Rarely has a film been constructed so consciously as a sound and light show: Close Encounters resolves most of its plot threads before the climax, with the conflicts that drive the plot melting away so that characters and audience can gape at the special effects in unison.

Bridge of Spies: Behind the Scenes Movie Broll - Tom Hanks Steven Spielberg

Ronnie is a creature of suburbia, dulled to greater possibilities by her consumerist existence: when Roy tries to describe a UFO to her by comparing it to an ice cream cone, she is more concerned with chronicling the various available ice creams than what he has to tell her. It begins on Sunday; you take your car to be washed.

And then you go off to the games room and you play the quarter games: Tank and the Pong and Flim-Flam. Afterwards you drive home, stopping at all the red lights, and the wife is waiting with dinner on. And you watch the prime time, which is pabulum and nothing more than watching a night light. And at the end of all that you go to sleep and you dream about making enough money to support weekend America. When Close Encounters becomes a special-effects extravaganza in its final act, Spielberg is, like Roy Neary, reaching for the sublime.

It is what blockbuster filmmaking at its best is all about: lifting the audience out of their everyday worries and exposing them to extraordinary events. Close Encounters changes before your eyes into a different kind of movie, and its transformation is a neat metaphor for the shifting preoccupations of American cinema.

This, more than the phenomenal success of Jaws , might be where the lingering resentment of Spielberg really started. To the extent that Hollywood blockbusters have been on an orgy of escapism in years since, they have tended to lose the taste for the low-key and everyday. The result is often distancing, as everything on screen is something the audience would never experience.

Having established this strong foothold in reality, they then take their heroes into a heightened level of existence that is more exciting, more spectacular, more emotional than the dull lives they live out each day. Yet seen for what they are, rather than what they spawned, the impulse in these early films to look up and yearn for greater things is something to be celebrated, not scorned. They would both gain and lose something from the transformation.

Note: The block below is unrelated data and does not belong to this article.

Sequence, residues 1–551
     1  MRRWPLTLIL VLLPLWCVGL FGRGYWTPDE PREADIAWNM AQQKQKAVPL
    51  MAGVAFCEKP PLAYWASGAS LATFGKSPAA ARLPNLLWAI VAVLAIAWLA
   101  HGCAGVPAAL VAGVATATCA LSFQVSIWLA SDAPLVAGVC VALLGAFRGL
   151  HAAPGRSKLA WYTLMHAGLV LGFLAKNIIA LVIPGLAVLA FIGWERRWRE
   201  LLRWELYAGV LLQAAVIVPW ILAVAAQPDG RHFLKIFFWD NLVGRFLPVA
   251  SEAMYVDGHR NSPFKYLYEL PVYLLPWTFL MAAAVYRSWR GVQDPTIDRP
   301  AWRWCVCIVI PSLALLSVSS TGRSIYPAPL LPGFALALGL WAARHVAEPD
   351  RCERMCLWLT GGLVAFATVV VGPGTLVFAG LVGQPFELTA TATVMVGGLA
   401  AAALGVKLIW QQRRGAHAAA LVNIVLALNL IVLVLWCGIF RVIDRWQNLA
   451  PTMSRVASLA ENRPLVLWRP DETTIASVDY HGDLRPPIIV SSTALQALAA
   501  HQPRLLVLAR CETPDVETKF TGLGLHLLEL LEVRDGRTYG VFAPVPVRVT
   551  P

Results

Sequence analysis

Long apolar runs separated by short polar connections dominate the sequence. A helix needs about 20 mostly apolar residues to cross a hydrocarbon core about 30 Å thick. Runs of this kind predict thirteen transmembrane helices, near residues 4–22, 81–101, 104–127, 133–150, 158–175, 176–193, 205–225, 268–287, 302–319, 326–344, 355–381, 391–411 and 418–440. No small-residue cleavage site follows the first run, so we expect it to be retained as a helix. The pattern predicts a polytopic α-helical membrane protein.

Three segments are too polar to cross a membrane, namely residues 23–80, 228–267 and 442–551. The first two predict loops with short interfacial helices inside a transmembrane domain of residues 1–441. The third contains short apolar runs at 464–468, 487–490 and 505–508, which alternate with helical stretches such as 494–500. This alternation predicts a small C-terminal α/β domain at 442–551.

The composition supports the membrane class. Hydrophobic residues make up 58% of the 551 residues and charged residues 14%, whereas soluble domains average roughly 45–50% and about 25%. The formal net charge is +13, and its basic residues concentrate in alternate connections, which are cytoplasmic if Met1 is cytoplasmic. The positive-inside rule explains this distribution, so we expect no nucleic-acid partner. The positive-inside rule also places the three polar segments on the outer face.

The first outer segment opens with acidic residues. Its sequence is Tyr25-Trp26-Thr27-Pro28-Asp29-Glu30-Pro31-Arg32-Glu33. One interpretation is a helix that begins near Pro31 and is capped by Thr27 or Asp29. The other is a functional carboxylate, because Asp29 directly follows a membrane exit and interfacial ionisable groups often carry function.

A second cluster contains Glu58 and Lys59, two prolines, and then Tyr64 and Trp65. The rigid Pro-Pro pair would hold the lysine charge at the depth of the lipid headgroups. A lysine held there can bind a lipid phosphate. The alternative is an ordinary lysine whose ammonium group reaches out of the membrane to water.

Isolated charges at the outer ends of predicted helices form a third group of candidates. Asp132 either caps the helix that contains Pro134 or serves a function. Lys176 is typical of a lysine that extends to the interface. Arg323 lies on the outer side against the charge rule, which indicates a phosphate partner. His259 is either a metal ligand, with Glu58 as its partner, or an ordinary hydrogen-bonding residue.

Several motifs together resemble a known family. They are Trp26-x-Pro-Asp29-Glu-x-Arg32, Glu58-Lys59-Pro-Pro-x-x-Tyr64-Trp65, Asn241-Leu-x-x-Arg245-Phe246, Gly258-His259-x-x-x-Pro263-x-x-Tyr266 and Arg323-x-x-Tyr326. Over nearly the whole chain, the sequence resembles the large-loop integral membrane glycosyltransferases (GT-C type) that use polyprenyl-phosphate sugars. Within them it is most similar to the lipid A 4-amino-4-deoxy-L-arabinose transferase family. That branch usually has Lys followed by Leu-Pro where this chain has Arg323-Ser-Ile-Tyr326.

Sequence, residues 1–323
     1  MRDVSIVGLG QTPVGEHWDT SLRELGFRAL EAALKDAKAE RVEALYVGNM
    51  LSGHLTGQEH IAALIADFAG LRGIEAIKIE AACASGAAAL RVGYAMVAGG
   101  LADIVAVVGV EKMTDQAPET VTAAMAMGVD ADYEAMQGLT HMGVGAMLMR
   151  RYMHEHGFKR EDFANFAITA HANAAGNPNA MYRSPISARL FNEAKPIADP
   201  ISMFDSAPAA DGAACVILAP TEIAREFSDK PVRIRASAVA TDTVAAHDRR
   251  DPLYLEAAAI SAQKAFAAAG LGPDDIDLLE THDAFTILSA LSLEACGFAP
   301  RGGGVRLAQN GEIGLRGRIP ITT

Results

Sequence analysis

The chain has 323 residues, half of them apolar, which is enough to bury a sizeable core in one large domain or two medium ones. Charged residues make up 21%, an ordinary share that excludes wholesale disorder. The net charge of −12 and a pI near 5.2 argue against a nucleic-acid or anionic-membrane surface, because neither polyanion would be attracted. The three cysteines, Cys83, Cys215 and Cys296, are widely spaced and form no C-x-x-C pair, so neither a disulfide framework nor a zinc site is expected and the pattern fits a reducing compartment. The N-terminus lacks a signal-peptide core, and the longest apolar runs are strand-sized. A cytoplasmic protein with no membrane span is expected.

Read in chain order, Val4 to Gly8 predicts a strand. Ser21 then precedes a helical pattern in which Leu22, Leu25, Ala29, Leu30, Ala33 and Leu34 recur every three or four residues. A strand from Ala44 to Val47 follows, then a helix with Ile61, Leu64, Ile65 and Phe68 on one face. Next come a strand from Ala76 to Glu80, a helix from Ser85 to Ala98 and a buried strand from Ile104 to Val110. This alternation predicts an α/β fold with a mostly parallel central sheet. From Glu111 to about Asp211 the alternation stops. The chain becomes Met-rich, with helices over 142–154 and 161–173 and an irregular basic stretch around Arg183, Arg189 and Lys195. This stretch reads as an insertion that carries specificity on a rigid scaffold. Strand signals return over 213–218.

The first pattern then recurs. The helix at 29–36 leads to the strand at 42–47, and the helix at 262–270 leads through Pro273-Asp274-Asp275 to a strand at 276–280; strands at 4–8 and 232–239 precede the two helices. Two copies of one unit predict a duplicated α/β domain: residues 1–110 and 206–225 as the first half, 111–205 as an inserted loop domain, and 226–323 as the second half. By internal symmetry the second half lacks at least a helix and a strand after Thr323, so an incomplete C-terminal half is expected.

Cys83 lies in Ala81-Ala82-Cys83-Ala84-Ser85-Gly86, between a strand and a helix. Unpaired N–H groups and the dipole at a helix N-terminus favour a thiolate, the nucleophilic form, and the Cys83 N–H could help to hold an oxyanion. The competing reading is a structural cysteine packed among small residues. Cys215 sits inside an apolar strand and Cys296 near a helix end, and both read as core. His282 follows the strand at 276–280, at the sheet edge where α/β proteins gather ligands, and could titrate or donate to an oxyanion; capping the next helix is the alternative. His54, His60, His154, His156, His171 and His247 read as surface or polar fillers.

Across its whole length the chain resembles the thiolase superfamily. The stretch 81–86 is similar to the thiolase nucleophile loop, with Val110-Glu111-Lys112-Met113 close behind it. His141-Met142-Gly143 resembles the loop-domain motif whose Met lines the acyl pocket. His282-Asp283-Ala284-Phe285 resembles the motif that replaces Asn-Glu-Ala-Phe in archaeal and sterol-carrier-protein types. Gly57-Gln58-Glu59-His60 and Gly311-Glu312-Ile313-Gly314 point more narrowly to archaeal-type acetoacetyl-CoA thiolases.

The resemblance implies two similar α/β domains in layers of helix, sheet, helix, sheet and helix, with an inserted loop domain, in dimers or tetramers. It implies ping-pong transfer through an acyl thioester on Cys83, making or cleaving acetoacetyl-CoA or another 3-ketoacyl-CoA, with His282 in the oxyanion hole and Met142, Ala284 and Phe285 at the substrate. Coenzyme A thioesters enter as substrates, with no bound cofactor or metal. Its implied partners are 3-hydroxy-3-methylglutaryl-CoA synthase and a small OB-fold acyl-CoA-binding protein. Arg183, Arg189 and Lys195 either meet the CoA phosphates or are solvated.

The latter is a classic of the action-adventure genre, still-much loved more than quarter of a century on. Yet the films are strikingly similar in many ways. Both are lavish period pieces, constructed around a series of elaborate set pieces. And both are relatively impersonal projects, stepping away from the real world setting that had been the jumping off point for his films before this time. There is no progression here from the mundane to the extraordinary: these films start big and finish big.

This is the newly established wunderkind trying his hand at big, old-style Hollywood entertainment on a grand scale. That Raiders worked so well, and so conspicuously misfired, is revealing about the strange alchemy that separates good films from bad. In retrospect, itreflects the distinctive sensibility of its screenwriters, Robert Zemeckis and Bob Gale.

Zemeckis and Gale specialised in fast-paced, intricate, incident-laden scripts, and the sheer freneticism of their screenwriting was perhaps too much for a director as kinetic as Spielberg, with the resulting overkill making the film tired and grating. It is just that Spielberg approaches his humour obliquely: his films are most effortlessly funny when he is working towards another purpose.

Raiders of the Lost Ark provided ample demonstration of this. Chastened by the reception to , he turned to the security of a collaboration with George Lucas, who was still at the height of his post Star Wars fame.

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The film was further shaped by screenwriter Lawrence Kasdan, who adeptly resuscitated the spirit of serials while avoiding their flaws. It is, however, an expert assembly. The film could have foundered on any of the same points that derailed , coming across as loud, infantile, or in poor taste.